Bestiaire’s place in the filmmaker’s oeuvre and anthropomorphic conceptions.
Doug Saunders’s new book fights fears about “the Islamization of America” with historical and sociological fact, but slippery terminology gets in the way.
In Berlin, the photographer’s fascination with separation and unity has unexpected resonance.
A decade after John Reed’s Orwell parody was released, it still feels current, and, perhaps, even more relevant than before.
At the Joan B Mirviss Gallery’s The French Connection, Japanese women ceramists breathe new life and a welcome strangeness into a traditional artform.
Chinese artist Ai Weiwei is now as notorious for his political actions as for his work. Alison Klayman’s new documentary, Ai Weiwei: Never Sorry, shows that his originality comes precisely from combining the two.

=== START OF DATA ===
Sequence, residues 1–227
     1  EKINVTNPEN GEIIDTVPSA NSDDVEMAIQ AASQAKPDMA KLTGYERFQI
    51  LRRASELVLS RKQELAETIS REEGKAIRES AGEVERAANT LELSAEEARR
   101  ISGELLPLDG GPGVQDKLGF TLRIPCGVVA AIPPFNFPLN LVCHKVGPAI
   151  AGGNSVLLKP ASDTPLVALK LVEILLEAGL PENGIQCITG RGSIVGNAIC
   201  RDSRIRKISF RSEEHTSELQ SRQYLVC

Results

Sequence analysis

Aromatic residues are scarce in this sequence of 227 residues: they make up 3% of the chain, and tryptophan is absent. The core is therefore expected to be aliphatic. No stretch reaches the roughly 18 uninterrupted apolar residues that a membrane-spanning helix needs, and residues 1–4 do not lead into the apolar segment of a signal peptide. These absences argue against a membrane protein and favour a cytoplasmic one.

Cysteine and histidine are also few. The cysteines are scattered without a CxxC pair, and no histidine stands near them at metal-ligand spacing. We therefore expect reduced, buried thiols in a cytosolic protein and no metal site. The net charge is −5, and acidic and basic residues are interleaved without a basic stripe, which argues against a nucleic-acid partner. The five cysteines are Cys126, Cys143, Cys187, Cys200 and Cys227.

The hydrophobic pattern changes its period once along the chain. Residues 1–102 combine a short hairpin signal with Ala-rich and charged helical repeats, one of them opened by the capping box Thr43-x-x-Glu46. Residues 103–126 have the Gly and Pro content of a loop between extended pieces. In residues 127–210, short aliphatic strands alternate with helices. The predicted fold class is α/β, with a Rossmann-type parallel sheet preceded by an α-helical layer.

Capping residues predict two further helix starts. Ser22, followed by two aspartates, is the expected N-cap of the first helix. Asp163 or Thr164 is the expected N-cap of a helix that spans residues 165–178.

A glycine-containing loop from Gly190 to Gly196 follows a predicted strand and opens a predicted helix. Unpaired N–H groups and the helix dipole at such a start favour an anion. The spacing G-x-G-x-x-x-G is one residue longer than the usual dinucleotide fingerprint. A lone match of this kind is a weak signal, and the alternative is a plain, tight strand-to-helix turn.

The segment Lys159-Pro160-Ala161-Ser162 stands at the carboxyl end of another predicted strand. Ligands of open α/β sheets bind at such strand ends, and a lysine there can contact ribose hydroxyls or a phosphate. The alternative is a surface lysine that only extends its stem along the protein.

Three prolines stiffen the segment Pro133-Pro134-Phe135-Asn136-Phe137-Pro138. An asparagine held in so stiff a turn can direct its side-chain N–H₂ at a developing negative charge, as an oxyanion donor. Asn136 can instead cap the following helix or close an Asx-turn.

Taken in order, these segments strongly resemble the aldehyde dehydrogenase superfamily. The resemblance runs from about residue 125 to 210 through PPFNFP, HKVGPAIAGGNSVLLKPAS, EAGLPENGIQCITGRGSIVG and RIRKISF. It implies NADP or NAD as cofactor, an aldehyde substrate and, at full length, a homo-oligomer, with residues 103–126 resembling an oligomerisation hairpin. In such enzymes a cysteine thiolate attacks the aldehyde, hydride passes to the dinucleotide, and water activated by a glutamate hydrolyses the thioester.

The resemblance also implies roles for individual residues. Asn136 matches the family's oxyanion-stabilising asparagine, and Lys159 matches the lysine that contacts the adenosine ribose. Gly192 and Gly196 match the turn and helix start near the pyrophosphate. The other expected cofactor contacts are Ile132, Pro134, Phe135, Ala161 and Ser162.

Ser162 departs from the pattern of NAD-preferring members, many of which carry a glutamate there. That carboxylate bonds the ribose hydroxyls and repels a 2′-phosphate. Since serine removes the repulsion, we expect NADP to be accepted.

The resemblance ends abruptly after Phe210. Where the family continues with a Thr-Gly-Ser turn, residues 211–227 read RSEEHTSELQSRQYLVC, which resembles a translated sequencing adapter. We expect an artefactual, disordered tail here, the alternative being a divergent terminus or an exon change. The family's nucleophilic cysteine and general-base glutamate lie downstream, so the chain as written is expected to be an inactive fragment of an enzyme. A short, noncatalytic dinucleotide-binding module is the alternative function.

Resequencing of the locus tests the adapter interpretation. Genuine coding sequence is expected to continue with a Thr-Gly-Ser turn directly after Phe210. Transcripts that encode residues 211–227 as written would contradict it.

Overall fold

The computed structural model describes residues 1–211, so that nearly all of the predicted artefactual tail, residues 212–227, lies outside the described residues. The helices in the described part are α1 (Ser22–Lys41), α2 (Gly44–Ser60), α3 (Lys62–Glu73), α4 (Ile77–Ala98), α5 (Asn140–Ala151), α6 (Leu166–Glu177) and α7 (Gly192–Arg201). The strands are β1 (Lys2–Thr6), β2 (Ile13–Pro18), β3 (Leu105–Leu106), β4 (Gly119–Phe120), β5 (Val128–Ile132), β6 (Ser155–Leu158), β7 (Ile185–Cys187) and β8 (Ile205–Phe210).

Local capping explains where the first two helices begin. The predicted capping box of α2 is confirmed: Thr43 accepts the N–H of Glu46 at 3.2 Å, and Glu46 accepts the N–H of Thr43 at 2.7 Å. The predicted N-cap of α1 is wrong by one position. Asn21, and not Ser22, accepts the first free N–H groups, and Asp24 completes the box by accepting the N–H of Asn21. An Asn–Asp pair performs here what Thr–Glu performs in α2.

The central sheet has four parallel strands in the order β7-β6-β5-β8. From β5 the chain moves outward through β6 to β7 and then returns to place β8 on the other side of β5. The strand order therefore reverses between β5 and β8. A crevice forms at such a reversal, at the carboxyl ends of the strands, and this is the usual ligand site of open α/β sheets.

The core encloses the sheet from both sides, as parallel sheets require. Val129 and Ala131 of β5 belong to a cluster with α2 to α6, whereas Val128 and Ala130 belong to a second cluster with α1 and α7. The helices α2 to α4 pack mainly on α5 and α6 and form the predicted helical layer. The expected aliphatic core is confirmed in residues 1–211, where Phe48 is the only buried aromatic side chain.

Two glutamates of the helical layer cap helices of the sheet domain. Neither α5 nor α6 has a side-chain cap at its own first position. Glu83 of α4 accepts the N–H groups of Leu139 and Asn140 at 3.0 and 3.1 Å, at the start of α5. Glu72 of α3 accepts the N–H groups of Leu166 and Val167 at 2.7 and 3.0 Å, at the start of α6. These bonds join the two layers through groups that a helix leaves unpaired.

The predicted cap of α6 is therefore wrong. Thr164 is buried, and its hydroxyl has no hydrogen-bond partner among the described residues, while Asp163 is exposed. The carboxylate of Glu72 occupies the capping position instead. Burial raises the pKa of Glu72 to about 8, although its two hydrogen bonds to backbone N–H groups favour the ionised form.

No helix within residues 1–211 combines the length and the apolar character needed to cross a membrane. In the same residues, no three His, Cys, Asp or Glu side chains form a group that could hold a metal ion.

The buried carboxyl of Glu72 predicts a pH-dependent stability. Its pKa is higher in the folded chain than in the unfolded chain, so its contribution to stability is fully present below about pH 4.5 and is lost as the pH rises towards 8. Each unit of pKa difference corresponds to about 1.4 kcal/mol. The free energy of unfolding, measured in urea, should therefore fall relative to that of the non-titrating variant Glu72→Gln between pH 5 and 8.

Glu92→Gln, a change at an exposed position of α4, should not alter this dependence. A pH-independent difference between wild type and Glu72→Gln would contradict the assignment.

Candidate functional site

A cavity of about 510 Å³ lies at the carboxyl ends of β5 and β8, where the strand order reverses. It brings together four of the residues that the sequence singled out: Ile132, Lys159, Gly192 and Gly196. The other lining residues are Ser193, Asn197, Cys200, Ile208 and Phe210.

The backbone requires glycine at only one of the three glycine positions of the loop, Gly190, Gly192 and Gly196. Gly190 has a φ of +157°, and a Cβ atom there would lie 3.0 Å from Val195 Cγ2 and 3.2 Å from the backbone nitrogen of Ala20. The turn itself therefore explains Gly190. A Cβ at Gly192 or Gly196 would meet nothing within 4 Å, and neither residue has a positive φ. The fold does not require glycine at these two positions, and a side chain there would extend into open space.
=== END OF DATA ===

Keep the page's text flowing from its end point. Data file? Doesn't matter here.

Beasts of the Southern Wild‘s dark current.
Leigh Stein’s new collection is captivating even for the most ardent of poetry-haters.
The subtle ambivalence of Sarah Polley’s Take This Waltz.
Something From Nothing: The Art of Rap explores hip hop’s past but skims over important questions about its present.
A writer raised on feminist fairy tales reflects on Brave and Bloody and having it all.
In the 40Owls Gallery’s “Distinct Ethnic Magical Tales” exhibition, artists explore colonization, pop cultural iconography, and cultural ownership
A fabulist film highlights the absurdity of breakneck-paced development, and its relevance inside and outside of China.
The Cannes Jury Prize-winning film Polisse has striking similarities to Law & Order.
‘Murder is My Business,’ an exhibition of Weegee’s gritty photographs, opens at the International Center for Photography.
In North Korea, the hunger games have been raging for quite some time.